I apologize for writing this so late in the week. I’m inundated by student papers at the moment. Perhaps this is the perfect time to be thinking about Mina Shaughnessy’s Errors and Expectations. In the introduction, the most famous section of the book, Shaughnessy explains that the era of open admissions at CUNY presented a huge influx of students to the then-free CUNY campuses, many many many of whom were unprepared for college writing by the most generous of traditional standards. Much more importantly, instructors trained “to analyze belletristic achievements of the centuries” were completely unprepared for those struggling student writers. From this emerged the concept of the “Basic Writer” (BW), and a body of work aimed to assist Basic (or, now often called, developmental) writers “catch up.”
The big takeaway from this section is twofold. First, Shaughnessy warns instructors against assuming that student writing errors are random or lack an attempt to fulfill the requirements of the assignment. She urges instructors to recognize patterns in student error and to respond to the logic(s) they see within/behind those patterns. Additionally, she stresses that instructors should not see the ‘basic’ of basic writing [as] not how to write but how to be right” (6). Shaughnessy’s aim is not to make student writing error the focus of the class but to inform instructors the errors of their own common interpretations of basic student writing. “[Since] teachers’ preconceptions about errors are frequently at the center of their misconceptions about BW students, I have no choice but to dwell on errors” (6).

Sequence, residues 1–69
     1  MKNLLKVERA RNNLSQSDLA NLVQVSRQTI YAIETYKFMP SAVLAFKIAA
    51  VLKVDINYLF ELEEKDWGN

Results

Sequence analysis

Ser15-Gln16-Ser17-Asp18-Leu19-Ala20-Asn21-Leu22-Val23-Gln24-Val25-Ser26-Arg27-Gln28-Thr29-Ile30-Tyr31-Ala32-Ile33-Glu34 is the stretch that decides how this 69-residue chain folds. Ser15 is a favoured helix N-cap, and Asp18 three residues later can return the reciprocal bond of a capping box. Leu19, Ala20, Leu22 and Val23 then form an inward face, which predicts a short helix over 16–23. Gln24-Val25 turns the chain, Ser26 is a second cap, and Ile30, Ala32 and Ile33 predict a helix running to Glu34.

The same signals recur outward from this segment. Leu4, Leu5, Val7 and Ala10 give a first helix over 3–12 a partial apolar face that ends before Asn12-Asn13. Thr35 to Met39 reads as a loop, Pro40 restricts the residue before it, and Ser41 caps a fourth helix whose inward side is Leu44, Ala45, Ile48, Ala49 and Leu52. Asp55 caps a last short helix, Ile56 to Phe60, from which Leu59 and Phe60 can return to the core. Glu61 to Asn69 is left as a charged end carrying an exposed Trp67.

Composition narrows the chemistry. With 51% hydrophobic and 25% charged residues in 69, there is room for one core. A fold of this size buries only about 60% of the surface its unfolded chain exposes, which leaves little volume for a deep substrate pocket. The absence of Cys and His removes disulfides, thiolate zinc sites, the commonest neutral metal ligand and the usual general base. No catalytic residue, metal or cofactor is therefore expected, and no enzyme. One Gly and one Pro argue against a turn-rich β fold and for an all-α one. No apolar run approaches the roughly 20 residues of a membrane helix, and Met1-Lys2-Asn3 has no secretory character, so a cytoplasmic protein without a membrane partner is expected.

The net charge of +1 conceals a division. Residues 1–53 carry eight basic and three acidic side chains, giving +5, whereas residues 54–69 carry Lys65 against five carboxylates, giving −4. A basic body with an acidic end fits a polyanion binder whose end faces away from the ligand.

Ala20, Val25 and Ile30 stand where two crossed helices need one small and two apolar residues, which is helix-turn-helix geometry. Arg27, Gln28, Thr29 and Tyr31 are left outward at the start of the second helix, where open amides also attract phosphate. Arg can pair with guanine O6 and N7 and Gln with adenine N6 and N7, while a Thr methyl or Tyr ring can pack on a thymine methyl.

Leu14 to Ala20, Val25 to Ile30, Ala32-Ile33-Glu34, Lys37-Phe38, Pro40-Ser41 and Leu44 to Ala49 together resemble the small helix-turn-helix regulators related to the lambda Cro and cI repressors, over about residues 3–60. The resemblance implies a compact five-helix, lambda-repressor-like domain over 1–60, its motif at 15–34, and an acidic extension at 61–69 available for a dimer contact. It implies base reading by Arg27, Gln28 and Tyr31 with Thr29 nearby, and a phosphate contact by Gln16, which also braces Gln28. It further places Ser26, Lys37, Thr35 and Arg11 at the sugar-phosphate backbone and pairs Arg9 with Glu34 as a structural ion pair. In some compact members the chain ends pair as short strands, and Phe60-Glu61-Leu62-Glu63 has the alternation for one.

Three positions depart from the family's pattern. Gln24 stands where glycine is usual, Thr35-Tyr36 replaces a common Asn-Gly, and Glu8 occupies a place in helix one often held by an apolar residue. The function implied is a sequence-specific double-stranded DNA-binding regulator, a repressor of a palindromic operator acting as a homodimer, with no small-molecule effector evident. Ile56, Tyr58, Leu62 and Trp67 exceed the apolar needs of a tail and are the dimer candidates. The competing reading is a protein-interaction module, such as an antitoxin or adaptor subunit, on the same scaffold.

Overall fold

Shaughnessy concludes her introduction with an explanation of her view of the role of error in student writing. She describes the BW student’s struggle to write despite the writer’s awareness of the probability of the reader’s criticism over error, and she places the importance of error in no more prominent or important a place than in the economy of audience attention. If the text takes too much time and effort without a big enough payback (it’s not Milton, after all) for the audience then the prose needs reworking. It’s important to distinguish this outlook from one that would suggest BW textual errors amount to illiteracy or an illegitimacy of the writer’s place in college. From errors we’ll now move to expectations.
The major takeaway from “Chapter 8: Expectations” is simply (deceptively simply) that instructors can expect students to improve significantly with regular, though not intensive, instruction based on an understanding of the patterns and logics at work in BW texts. I should, here, note that when I use the phrase “patterns and logics” I’m trying to forward a sense of the concrete that Shaughnessy provides when she advocates for basic writers. I refer to the evidence, which she provides, of something at the heart of what Shaughnessy wants instructors to understand about basic writers: that they are fundamentally intelligent people who deserve a college education and a place in public discourse.
I’d love to elaborate further, but I need to return to my students’ papers. On Monday, I’d love to hear your thoughts about Shaughnessy’s premise in our current system. How much is education actually based on her fundamental premise? How much is your pedagogy driven by this understanding? Is this at the heart of things, or not so much?